Many people recommend delaying Social Security retirement benefits until age 70, because you earn delayed retirement credits for every month you delay past your full retirement age. Someone claiming at age 70 will receive checks 24% larger than if they claimed at 67. And who doesn't want a bigger check?
But delaying your Social Security checks until age 70 can also help you keep more of your money instead of having to pay the government back in higher taxes. Here's why.
The tax benefit of bigger benefits
The way taxes on Social Security benefits work is by using a metric called combined income. Combined income is the sum of your adjusted gross income, any non-taxable interest, and 1/2 of your Social Security benefits.
If your combined income exceeds a certain threshold, a portion of your Social Security benefits become taxable. Here's how it breaks down.
|50%||$25,000 to $33,999||$32,000 to $43,999|
Yes, those thresholds are very low. That's because they haven't been adjusted in almost 40 years. So, it behooves you to minimize your combined income. One way to do that is by drawing a bigger portion of your total income from the part where only half counts toward the equation: Social Security.
What a difference eight years can make
Imagine a couple retiring at age 62 with the following financial profile:
- $1 million portfolio in pre-tax retirement accounts.
- They spend $67,000 per year in retirement, and taxes come out of their spending money.
- Both spouses had average careers and are each eligible for $1,625 in Social Security benefits at their full retirement age of 67.
The table below summarizes their tax liability (based on 2022 tax rates) if they claim Social Security benefits at age 62 versus delaying until age 70.
|File at 62||File at 70|
|Social Security income||$27,300||$48,360|
|Taxable retirement account withdrawals||$39,700||$18,640|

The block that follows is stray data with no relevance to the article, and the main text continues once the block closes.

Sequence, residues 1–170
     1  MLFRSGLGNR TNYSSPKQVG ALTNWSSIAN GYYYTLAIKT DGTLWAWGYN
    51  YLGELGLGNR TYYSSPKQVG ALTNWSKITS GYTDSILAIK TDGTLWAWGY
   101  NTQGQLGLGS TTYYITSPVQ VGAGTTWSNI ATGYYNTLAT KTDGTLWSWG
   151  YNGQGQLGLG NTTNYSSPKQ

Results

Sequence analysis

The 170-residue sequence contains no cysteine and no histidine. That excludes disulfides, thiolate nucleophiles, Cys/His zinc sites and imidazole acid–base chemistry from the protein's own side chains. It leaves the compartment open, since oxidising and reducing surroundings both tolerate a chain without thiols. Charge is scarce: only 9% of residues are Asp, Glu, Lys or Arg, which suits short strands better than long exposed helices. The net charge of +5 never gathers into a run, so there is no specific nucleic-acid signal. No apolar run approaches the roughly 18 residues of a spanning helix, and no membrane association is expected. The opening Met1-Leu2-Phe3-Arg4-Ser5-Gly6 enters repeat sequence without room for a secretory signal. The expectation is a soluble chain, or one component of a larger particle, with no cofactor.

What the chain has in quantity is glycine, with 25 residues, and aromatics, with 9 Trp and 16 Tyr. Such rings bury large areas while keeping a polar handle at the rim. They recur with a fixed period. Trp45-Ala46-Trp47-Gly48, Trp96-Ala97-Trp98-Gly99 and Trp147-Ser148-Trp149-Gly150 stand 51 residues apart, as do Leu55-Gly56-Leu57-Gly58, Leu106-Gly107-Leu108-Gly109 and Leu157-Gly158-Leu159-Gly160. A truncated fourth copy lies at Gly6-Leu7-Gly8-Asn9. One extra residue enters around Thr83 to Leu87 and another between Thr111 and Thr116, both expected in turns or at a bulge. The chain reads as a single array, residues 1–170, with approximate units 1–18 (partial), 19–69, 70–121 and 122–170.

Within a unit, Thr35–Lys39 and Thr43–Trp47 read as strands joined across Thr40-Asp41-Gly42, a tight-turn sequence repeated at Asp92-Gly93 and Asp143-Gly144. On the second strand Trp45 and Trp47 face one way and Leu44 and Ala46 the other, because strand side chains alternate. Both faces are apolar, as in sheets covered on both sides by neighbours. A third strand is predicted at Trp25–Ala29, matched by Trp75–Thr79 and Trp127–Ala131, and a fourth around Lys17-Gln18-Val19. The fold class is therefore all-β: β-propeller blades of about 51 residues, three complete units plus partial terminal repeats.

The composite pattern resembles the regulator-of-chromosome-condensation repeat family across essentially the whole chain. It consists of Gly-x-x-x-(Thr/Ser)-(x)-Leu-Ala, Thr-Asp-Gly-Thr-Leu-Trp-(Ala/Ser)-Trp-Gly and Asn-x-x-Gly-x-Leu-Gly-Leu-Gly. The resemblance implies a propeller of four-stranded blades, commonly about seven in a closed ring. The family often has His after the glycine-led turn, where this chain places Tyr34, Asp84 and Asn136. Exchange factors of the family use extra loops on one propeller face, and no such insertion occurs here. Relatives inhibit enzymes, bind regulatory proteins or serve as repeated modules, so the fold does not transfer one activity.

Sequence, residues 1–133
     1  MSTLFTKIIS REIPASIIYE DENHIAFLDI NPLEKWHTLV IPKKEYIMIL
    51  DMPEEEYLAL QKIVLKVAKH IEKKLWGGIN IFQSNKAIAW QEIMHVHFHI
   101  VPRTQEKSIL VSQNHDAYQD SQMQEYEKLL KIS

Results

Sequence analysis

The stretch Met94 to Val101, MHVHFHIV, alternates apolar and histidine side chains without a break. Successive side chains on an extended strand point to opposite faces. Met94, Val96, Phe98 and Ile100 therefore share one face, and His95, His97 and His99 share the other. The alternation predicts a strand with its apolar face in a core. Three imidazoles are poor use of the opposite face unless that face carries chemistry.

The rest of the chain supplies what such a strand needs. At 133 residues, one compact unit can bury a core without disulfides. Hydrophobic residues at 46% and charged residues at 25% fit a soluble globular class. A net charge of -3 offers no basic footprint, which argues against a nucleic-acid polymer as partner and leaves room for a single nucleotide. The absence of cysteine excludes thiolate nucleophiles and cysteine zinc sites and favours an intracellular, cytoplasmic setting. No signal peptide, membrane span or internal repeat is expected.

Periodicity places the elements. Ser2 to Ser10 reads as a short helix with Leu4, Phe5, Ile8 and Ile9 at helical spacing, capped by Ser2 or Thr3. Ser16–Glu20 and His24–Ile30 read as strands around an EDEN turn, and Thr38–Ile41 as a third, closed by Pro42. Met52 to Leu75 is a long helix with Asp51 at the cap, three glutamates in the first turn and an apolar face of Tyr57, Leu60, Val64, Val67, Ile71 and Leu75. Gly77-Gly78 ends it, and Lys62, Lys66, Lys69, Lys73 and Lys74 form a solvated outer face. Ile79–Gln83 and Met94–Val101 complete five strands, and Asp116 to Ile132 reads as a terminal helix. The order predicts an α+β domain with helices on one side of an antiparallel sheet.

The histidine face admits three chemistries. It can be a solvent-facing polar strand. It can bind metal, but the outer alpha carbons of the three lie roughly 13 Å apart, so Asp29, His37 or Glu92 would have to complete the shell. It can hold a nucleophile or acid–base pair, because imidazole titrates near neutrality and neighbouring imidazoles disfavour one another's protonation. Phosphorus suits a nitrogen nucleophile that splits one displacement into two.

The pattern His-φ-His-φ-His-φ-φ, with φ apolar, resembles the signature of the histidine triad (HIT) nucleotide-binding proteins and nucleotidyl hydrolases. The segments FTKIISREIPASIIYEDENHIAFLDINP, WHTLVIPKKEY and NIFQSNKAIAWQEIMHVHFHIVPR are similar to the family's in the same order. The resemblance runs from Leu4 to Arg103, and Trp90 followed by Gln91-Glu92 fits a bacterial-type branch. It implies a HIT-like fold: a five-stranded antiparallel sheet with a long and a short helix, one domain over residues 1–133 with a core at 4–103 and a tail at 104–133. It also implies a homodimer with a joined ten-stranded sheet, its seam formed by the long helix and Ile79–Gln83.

|Taxable portion of Social Security||$13,948||$5,410|
|Adjusted gross income||$53,648||$24,050|
The couple who wait to claim their Social Security benefits will see their annual taxes fall to $0 once they start supplementing their retirement withdrawals with Social Security. That said, they'll have a higher tax bill in the intervening years. They'll pay about $4,500 in taxes (based on today's tax rates) on their retirement account withdrawals each year. Still, the couple ought to come out ahead, even considering any foregone compound growth on those tax payments, if they live into their 80s.
Is it safe to withdraw more from your retirement accounts?
Some may question the wisdom of withdrawing $67,000 per year from a $1 million portfolio. The 4% rule suggests withdrawing just $40,000 per year, which fits into the plan for the couple claiming Social Security at age 62.
In fact, the couple withdrawing more of their retirement portfolio up front sees more protection from a bad sequence of returns to start retirement. It's already planning to reduce withdrawals later in retirement.
If the net real returns over those eight years come to 0%, the couple who wait to claim Social Security at age 70 would see their withdrawals align closely with the 4% rule starting at age 70.By contrast, the couple claiming early in that scenario would see their withdrawals climb to 5.8% by age 70 if their spending remains the same. The difference stems from the increasing value of Social Security during those eight years, which isn't seen in the portfolio value.
Real life is more complicated
The above is a very simplified example of how the way the IRS calculates taxes on Social Security benefits can have a big effect on your tax bill if you claim those benefits early.
In real life, you may have more wiggle room to keep your combined income low. If you have funds in a Roth IRA, withdrawals from that account won't count toward combined income. If you sell stocks in a taxable account, the principal value doesn't count toward your combined income. And if you end up selling some investments for a loss, you'll be able to deduct at least some of that from your combined income as well.
There are plenty of strategies to employ to reduce your tax bill in retirement if you plan ahead. But claiming Social Security benefits early can limit your ability to plan for taxes long term.